Whether it be the success of the insipid "Transformers" franchise, or perhaps Hollywood just has a crippling artificial intelligence neurosis, there are a whole lot of movies about robots going wild on their way to cinemas. From "King of Kong" director Seth Gordon's proposed "WarGames" remake to Steven Spielberg's on the horizon "Robocalypse," if the next few years don't make us scared of technological change, nothing will.
Universal is looking to add their own spin on the man versus machine tale with their previously announced remake of the 1970's sci-fi pic "Colossus: The Forbin Project." Variety has reported that screenwriter Blake Masters has been hired to rewrite the gestating script which last had a pass by Jason Rothenberg. If you recall, last fall Ron Howard and Will Smith were attached to the project as director and star and now their names are nowhere to be found, and with the former headed into "Rush" and the latter finishing "Men In Black III" before heading to "One Thousand A.E." with M. Night Shyamalan we presume they have both moved on at this point.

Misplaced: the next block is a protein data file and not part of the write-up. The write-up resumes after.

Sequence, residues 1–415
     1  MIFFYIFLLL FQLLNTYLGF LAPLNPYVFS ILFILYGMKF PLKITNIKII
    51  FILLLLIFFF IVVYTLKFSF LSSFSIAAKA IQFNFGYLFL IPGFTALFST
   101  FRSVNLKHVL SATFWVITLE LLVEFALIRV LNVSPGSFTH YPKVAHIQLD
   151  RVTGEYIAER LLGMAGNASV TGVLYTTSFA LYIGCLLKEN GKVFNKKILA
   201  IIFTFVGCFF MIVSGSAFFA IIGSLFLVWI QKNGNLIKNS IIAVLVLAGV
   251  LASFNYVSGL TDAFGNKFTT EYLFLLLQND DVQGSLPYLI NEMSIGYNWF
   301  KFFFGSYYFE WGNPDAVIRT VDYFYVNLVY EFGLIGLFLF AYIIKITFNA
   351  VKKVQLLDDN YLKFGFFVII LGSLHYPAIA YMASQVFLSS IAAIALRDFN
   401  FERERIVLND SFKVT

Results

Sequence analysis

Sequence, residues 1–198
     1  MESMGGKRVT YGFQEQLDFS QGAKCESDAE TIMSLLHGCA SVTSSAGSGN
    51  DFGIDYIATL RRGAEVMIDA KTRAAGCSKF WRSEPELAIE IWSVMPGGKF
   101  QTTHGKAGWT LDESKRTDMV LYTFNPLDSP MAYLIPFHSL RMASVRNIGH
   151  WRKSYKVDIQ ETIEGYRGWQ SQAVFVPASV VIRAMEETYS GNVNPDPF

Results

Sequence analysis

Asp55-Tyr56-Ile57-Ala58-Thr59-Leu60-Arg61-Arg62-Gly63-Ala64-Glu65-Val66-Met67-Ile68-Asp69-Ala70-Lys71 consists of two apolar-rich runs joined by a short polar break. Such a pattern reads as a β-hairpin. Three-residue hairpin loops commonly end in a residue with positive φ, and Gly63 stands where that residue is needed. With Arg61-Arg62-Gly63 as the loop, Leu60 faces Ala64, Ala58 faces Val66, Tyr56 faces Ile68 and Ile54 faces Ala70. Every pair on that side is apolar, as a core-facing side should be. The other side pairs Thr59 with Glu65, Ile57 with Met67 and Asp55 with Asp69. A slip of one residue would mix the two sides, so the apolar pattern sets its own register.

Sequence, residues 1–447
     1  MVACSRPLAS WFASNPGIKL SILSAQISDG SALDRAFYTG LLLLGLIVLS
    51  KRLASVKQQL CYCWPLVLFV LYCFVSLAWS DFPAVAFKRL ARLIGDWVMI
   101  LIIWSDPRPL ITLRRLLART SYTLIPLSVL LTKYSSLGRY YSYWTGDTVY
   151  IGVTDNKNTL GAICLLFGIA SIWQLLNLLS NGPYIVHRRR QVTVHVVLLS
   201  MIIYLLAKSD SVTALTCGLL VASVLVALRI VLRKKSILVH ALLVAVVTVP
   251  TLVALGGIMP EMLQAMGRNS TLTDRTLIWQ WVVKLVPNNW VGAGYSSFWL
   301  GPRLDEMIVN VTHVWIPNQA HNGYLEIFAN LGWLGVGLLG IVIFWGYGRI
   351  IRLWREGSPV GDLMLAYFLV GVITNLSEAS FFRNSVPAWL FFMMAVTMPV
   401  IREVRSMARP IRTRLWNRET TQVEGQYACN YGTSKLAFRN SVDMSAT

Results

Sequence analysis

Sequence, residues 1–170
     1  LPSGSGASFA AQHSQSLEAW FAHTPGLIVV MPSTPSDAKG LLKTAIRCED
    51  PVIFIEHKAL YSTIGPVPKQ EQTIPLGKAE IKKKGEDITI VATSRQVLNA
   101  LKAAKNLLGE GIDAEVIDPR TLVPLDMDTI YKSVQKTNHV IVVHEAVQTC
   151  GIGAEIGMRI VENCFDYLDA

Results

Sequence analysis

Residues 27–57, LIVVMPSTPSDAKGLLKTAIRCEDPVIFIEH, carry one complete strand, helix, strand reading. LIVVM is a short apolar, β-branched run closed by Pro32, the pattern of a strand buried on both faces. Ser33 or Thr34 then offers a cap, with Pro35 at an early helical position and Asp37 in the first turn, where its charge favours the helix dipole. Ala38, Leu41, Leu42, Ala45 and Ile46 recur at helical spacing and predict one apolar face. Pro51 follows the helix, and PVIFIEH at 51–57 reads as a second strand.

The original '70s film followed two supercomputers, one used by the United States and the other by a Soviet era Russia, who were swapping top secret government intelligence from their respective countries. When both computers turn on their human counterparts, the US and Russia must combine their military forces in an effort to battle these maniacal supercomputers.
Honestly, it's a tad bit scary to think about where this remake could go. Especially if Universal chooses to go the route of the other Cold War era remake "Red Dawn," and cast a currently harmless country as our proposed enemy. The choice of Masters, who has only a handful of writing credits on two generic police procedurals, "Law and Order: LA" and "Brotherhood," fills us with little hope that Universal is looking to incorporate decent talent to class this remake up. Though perhaps there is something in his screenplay to the currently in-development Vince Vaughn vehicle, "2 Guns," that we're just not seeing. Then again, if Masters is simply another writer who'll make some changes and then leave the project, perhaps it won't be so bad after all. Though to be honest, the thought of a big budget tent pole concerning the military taking on artificial intelligence is bringing to mind the forgettable "Stealth."